When you are feeling depressed, food is generally the last thing you want to think about. You are either eating too much or too little and the food you choose usually lacks nutritional density. And it’s okay to reach for these food during times of stress and sadness. But it is important to remember to add foods, such as fruits and vegetables, when you can and work towards a more balanced diet. 

Find a safe and enjoyable outlet

Your favorite activities most likely are already very different from last year. But as winter comes, spending time outdoors becomes a little less appealing, and bingeing Netflix for hours can get very old, very quickly. But the world is full of interesting and creative ways to relieve stress.

You may want to start painting or writing regularly. There are now creative, virtual workshops that can help facilitate this type of outlet while still meeting new people. Or maybe you decide that you are going to enjoy home yoga for the next 30 days, or perhaps you ask your best friend if you can be pen pals for a while, just to be able to give and receive written letters.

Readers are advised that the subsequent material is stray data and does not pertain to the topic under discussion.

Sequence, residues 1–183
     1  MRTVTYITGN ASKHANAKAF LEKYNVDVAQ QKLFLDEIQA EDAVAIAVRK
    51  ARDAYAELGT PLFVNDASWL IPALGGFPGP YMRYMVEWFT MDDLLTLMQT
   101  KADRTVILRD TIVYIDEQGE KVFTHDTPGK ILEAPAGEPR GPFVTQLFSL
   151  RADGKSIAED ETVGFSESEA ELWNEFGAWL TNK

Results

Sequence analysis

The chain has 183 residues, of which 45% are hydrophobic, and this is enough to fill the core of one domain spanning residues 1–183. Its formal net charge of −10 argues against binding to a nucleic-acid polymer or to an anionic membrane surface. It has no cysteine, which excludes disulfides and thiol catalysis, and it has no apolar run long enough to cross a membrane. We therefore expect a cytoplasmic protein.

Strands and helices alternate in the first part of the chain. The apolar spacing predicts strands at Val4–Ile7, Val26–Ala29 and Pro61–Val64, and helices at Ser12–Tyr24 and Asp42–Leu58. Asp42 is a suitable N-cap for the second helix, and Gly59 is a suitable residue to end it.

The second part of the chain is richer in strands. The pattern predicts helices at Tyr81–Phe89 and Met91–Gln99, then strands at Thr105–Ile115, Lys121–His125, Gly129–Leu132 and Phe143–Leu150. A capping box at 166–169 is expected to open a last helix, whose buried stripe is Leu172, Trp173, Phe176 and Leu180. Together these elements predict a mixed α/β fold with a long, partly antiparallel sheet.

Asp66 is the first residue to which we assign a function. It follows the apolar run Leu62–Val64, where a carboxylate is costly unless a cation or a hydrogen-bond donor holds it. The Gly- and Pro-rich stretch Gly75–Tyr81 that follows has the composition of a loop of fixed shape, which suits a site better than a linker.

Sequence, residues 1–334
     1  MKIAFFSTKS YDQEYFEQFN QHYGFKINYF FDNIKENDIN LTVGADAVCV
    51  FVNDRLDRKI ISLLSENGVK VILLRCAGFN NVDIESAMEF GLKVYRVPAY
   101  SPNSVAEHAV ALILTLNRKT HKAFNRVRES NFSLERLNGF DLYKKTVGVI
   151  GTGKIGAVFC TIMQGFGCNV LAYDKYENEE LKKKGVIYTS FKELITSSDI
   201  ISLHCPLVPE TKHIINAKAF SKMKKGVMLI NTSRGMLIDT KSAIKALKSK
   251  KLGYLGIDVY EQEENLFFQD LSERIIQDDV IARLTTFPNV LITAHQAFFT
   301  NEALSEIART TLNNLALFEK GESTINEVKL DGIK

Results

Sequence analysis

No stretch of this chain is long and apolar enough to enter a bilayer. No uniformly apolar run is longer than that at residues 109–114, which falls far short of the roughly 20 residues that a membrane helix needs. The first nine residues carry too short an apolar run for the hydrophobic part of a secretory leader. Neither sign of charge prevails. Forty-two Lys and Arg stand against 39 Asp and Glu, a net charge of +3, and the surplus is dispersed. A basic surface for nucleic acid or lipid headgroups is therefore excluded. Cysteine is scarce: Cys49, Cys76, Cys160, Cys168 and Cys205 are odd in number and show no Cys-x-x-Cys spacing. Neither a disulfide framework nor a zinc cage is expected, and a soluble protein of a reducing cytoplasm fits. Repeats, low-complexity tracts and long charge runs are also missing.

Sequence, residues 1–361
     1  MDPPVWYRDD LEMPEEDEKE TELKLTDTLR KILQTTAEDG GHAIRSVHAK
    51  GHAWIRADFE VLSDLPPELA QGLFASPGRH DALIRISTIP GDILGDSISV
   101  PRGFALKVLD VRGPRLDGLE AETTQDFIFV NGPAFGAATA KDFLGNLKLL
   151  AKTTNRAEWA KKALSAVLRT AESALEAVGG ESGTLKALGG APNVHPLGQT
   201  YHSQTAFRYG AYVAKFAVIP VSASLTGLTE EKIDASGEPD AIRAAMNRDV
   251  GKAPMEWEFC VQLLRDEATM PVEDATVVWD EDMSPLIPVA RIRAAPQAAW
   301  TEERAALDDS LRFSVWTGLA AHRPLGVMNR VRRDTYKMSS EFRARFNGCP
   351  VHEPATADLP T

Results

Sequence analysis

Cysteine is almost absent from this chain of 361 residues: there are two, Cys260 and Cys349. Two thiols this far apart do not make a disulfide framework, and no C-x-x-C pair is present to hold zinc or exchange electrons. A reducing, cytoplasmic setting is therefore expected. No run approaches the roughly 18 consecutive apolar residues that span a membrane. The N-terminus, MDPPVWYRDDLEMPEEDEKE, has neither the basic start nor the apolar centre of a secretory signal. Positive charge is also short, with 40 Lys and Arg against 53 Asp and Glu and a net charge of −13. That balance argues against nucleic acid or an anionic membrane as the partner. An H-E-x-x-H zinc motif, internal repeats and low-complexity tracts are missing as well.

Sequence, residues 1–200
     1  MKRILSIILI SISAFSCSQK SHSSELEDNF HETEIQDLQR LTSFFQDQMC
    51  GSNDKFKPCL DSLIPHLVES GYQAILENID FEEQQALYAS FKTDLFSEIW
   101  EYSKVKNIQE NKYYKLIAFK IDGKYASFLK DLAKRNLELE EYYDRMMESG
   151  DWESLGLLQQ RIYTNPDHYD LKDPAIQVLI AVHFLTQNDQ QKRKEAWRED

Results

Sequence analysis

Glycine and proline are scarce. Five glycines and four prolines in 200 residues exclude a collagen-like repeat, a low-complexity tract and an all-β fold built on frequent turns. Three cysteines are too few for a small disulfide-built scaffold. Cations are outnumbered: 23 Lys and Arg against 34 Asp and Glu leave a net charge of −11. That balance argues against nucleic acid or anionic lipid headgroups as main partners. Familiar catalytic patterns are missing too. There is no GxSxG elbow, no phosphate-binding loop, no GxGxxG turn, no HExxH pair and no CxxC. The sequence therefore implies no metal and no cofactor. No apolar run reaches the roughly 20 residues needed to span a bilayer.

Whatever you choose, look for something that can help you stay connected with others and help bring you out of depressive cycles and anxiety. 

Get some sun (or bring the sun to you) 

One of the main things we as humans crave during the winter months is sunshine. Winter hours make us long for the days when we can gather again at beaches or simply sit on our porches and soak up the sun. Sunlight deficiency is also a large reason so many people struggle with their mental health during the winter.

Getting outside on clear days, even if the temperatures are chilling, can be very beneficial to both physical and mental health. If you are the type who hates the cold, there is still some hope for getting your daily dose of light. 

Researchers at Loyola University Chicago found that one hour of light therapy every day and an increase of vitamin D helped relieve some of the symptoms of depression. It may be worth it to invest in a light-therapy machine this winter or a nice coat for those are willing to face the elements.